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UMD Provost & Distinguished Professor Elected to American Academy of Arts and Sciences

April 20, 2016
Contacts: 

Kristen Seabolt 301-405-4621

COLLEGE PARK, Md. — University of Maryland Senior Vice President and Provost Mary Ann Rankin and Distinguished University Professor Christopher Jarzynski have been named to the American Academy of Arts and Sciences, one of the nation’s oldest and most prestigious honorary societies.

With their election to the American Academy of Arts and Sciences, Provost Rankin and Professor Jarzynski join some of the world’s most accomplished leaders from academic, business, public affairs, the humanities and the arts. Since its founding in 1780, the Academy membership has included more than 250 Nobel laureates and more than 60 Pulitzer Prize winners.

“This is a well-merited recognition of their accomplishments that also reflects the academic excellence and reputation of the University of Maryland,” said University of Maryland President Wallace Loh

Provost Rankin, a professor of biology, became UMD’s Senior Vice President and Provost on October 1, 2012. Prior to this, Rankin was CEO of the National Math and Science Initiative (NMSI), a Dallas-based public-private partnership dedicated to expanding the pipeline of STEM (Science, Technology, Engineering, and Math) graduates and STEM K-12 teachers. Previously, she spent 36 years at The University of Texas (UT) at Austin, where she served for six years as chair of biological sciences and for nearly 17 years as Dean of the College of Natural Sciences.

As dean of UT’s College of Natural Sciences, Rankin created, with her administrative team, numerous highly successful programs for undergraduates, including the UTeach program for math and science teacher preparation and the Freshman Research Initiative. UTeach has been cited as a national model for STEM teacher preparation by several state governors and Presidents Obama and G. W. Bush. UTeach is now being replicated in partnership with the National Math and Science Initiative in 34 universities in 16 states.  Rankin’s many other accomplishments as dean included leading the launch of new interdisciplinary research initiatives, the construction of new, world-class science buildings, and the growth of existing, and the establishment of new, research institutes at UT. 

Rankin's research focuses on studies of the physiologic relationships governing the evolution of insect life history strategies. She is a member of the American Entomological Society, the Royal Entomological Society, and the American Association for the Advancement of Science. She serves on several non-profit boards including the Southwest Research Institute (one of the nation's premier, non-profit R&D firms in engineering and space sciences) and the Science Education Advisory Board of the Howard Hughes Medical Institute as well as the Advisory Committee for the Division of Education and Human Resources at the National Science Foundation.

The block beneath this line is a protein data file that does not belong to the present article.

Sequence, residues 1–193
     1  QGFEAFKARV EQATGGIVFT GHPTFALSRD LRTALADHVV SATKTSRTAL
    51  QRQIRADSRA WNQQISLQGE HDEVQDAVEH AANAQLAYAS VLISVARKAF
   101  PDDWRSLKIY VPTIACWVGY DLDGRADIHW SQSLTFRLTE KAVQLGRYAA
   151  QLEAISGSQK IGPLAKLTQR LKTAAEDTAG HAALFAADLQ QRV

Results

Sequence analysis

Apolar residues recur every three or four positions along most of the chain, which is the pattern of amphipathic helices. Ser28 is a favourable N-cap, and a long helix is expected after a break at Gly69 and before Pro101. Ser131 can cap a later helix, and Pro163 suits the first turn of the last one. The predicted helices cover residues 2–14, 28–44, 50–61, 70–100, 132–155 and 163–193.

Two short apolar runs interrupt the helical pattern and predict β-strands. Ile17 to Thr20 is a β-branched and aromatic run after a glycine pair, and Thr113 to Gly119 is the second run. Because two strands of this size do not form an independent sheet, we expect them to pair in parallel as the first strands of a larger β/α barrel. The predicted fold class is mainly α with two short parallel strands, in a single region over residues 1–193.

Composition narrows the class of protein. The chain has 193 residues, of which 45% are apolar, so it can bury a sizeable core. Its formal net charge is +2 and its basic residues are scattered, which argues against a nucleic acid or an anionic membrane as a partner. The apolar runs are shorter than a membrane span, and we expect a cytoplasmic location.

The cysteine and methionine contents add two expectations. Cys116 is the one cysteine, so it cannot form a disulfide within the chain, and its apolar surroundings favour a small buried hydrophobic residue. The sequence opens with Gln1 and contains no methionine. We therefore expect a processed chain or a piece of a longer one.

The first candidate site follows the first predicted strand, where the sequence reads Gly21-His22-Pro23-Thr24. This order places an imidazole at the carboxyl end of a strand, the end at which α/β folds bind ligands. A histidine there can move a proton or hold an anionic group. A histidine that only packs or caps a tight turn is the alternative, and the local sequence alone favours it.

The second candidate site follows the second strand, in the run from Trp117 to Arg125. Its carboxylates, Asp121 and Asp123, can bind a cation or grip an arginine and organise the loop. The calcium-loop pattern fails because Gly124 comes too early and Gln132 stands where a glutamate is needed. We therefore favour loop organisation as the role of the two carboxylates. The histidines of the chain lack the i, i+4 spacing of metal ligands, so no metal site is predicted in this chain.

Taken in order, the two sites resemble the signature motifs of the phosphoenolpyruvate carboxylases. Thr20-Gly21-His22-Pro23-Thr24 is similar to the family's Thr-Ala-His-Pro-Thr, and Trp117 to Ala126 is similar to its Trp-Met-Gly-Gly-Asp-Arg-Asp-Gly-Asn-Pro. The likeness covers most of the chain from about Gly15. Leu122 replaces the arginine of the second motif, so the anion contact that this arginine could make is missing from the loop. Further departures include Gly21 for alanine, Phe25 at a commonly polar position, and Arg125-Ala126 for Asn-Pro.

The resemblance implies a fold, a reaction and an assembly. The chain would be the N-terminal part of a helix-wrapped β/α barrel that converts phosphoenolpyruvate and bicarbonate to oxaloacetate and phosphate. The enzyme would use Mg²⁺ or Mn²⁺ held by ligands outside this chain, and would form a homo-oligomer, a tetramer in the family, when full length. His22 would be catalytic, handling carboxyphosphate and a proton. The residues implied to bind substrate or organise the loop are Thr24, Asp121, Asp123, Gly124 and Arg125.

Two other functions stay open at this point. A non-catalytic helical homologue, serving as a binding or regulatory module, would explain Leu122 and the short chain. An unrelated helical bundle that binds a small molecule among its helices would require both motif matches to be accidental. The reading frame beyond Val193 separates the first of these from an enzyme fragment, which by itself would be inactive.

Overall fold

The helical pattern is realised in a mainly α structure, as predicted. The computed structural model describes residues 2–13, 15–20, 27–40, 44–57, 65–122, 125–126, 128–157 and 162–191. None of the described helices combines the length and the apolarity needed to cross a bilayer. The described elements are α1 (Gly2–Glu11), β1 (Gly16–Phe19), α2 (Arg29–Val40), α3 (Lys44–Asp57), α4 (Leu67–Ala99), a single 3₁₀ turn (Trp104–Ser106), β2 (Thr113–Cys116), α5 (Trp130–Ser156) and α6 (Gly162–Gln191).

Jarzynski , a professor in the department of chemistry and biochemistry and director UMD’s Institute for Physical Science and Technology, joined UMD in 2006 and was named a Distinguished University Professor, UMD’s highest academic honor, in 2014. An accomplished scientist and teacher, his research focuses on statistical mechanics at the molecular level, with interest in the foundations of non-equilibrium thermodynamics, the application of statistical mechanics to problems of biophysical interest, the analysis of artificial molecular machines, and the development of efficient numerical schemes for estimating thermodynamic properties of complex systems.

He has received a Fulbright Fellowship; the Raymond and Beverly Sackler Prize in the Physical Sciences; and was named a fellow of the American Physical Society.  He is on the editorial board for the Journal of Statistical Mechanics: Theory and Experiment, and is an associate editor for the Journal of Statistical Physics. 

Jarzynski studied physics at Princeton University and the University of California, Berkeley. After a postdoctoral appointment at the Institute for Nuclear Theory in Seattle, he spent ten years at Los Alamos National Laboratory. He has been on the faculty of the University of Maryland since 2006.

“It is an honor to welcome this new class of exceptional women and men as part of our distinguished membership,” said Don Randel, Chair of the Academy’s Board of Directors. “Their election affords us an invaluable opportunity to bring their expertise and knowledge to bear on some of the most significant challenges of our day. We look forward to engaging these new members in the work of the Academy.”

The American Academy of Arts and Sciences is a leading center for independent policy research. Members contribute to Academy publications and studies of science and technology policy, energy and global security, social policy and American institutions, and the humanities, arts and education. With the addition of Rankin and Jarzynski, there are now 18 active members of the American Academy of Arts and Sciences from UMD. The full list can be viewed here.